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Why you’ll still need to offer free wifi in the era of 5G

5G is the next evolution in mobile network technology. 

As with 4G before it, 5G is focused on mobile data.  5G will offer faster speeds with the capability of download speeds as fast as 20Gbps.

The vast improvement will be in mobile video streaming which, given its massive growth, will keep many people happy.  Realistically, individual users should see a minimum of 100Mbps download depending on the network and number of devices on the network at any particular time.

With the faster 5G speeds you can burn through your data quicker with the ability to stream at up to 8K resolution. You will be doing more on your phone, therefore requiring a larger plan (possibly more expensive).

5G will succeed 4G, but it will not replace it. 4G and 5G networks will exist simultaneously, and Australian telcos intend to keep 3G networks around until at least 2020.

5G phone plans don’t appear to have any significant price increases (at this stage) and will be part of your current plan when 5G goes live. In fact, plans may become cheaper. 

Some telcos will offer unlimited monthly data on mobile plans and a promise of speeds of 50Mbps at a minimum. There is talk of these plans becoming more of an NBN alternative to users than a wifi alternative. 

To get the benefit of 5G services you will need to purchase new 5G phones.

It appears that major capital cities and some regional areas may have access throughout 2019 but that doesn’t mean you will immediately have access to 5G.

There is a lot of work involved in rolling out new technologies with new transmission equipment required and it will probably be limited to places such as city centres and large metro areas. It will take a few years to rollout 5G networks and that may not be to everywhere. 

So why do you still need to offer wifi to your guests at your complex if this super-fast new technology will be available to everyone?  

As the frequency used for 5G signal is higher, which means signal range shortens from kilometres to hundreds of metres, transmission towers will need to be closer together to get sufficient external coverage.  To get sufficient coverage, towers may need to be as close as 500 metres apart depending on the density of buildings in the area. The higher frequencies used in 5G applications have difficulty penetrating solid objects such as buildings, walls and windows.   5G will be more dependent on line of sight between the transmission towers and your device than 4G. 5G signal is more easily blocked by obstacles.

Without transmission towers close together the signal penetration into buildings will be poor, often requiring receivers on the outside of buildings cabled to access points inside the buildings and on every floor or every unit, particularly if your doors and walls are fire rated.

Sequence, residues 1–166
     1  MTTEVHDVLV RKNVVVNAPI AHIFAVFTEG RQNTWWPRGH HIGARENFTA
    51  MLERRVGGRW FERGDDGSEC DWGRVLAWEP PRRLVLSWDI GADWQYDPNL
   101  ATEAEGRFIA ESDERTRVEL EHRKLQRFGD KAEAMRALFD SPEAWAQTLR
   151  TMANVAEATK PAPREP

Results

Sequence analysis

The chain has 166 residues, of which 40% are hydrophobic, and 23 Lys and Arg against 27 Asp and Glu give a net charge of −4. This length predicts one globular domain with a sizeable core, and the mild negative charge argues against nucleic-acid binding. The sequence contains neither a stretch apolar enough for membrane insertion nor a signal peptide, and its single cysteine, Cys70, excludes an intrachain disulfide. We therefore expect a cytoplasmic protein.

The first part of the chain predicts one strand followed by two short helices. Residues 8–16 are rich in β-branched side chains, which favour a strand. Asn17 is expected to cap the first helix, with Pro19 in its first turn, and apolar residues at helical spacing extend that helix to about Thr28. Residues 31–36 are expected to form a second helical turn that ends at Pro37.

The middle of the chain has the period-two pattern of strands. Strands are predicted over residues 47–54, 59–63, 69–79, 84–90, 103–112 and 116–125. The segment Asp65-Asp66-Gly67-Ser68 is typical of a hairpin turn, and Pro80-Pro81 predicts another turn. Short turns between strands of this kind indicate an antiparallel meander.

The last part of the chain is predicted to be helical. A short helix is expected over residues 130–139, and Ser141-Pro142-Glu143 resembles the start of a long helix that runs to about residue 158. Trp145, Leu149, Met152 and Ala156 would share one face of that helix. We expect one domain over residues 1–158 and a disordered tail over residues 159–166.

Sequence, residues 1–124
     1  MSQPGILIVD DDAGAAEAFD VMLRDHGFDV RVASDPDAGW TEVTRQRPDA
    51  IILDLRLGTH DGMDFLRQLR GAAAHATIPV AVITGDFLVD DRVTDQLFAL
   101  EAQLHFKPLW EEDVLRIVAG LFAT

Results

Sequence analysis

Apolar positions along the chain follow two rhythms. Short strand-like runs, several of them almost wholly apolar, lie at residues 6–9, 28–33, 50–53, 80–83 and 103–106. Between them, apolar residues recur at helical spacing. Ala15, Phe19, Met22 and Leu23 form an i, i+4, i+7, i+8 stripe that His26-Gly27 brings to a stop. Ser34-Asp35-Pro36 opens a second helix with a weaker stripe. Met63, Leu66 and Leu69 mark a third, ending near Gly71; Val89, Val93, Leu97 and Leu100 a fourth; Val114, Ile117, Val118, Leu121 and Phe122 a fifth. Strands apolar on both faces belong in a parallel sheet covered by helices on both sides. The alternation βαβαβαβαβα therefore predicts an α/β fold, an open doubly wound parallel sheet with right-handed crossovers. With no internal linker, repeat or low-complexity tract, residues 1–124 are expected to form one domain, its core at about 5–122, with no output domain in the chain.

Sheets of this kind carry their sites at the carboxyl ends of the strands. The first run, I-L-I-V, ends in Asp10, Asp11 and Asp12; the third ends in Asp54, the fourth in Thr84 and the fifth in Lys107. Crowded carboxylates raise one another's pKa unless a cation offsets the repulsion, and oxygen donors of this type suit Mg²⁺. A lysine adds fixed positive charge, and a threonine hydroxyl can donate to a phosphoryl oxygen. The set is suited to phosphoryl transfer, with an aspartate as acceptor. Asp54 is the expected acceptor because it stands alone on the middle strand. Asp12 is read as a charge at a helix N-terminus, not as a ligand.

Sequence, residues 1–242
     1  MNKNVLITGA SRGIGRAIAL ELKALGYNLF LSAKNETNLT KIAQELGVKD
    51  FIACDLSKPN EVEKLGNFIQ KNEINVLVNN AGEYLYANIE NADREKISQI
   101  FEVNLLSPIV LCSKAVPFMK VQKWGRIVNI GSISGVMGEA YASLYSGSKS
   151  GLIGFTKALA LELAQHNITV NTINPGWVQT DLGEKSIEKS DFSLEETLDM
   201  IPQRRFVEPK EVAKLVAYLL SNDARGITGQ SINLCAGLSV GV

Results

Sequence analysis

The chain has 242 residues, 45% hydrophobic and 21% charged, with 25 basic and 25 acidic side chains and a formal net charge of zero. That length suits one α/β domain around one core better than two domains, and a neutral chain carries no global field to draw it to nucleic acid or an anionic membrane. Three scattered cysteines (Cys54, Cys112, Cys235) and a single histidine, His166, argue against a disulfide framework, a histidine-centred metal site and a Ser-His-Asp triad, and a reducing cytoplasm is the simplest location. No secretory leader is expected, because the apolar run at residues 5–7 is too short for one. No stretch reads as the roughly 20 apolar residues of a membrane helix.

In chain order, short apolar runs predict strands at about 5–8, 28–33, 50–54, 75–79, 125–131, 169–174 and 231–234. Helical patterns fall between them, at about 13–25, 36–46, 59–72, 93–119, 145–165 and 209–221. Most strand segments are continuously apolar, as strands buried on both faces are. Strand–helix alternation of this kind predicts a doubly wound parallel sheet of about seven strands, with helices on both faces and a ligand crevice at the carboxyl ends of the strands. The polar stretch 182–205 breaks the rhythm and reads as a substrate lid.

As an example, if I want to replace my NBN connection at home with a 5G connection, to ensure that I get the speed and signal to penetrate inside my house I may have to pay for extra receivers and access points on top of my monthly 5G plan; similarly to how you distribute your wifi around larger houses and complexes now.

There are many areas around Australia that are not going to allow these transmission towers on the tops of buildings every 500 metres. There may need to be small 5G transmitter cells on nearly every lamp post.

What about 4G? Telcos are still developing 4G and in 2017 Telstra revealed it planned to support 1 gigabit per second downloads over its 4G network.  It appears there will be a lot of new features coming for 4G. Its future is promising right into the mid 2020s and it will still be the backbone of most networks. 

In summary, 5G could be an NBN alternative but is unlikely to replace other broadband plans and options. It will offer faster speeds for mobile phones, tablets and other devices such as Internet of Things (IOT) devices.

Although it may offer faster speeds than NBN, the coverage will be limited in comparison due to network infrastructure required.

4G will still be available until at least the mid 2020s.

Wifi to guests is as important as ever. 5G could be an NBN alternative for your internet connection to your complex; however, you still need the wifi equipment inside the complex and a management system to offer secure, unlimited data with the best signal coverage and fastest speeds available to your guests. 

Wifi isn’t going anywhere.  These technologies can and will all work together.

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Judy Senn

Director Judy Senn launched Time Out Internet in September 2011. She has over twenty years of IT reseller, hardware and software distribution, sales and business development experience.

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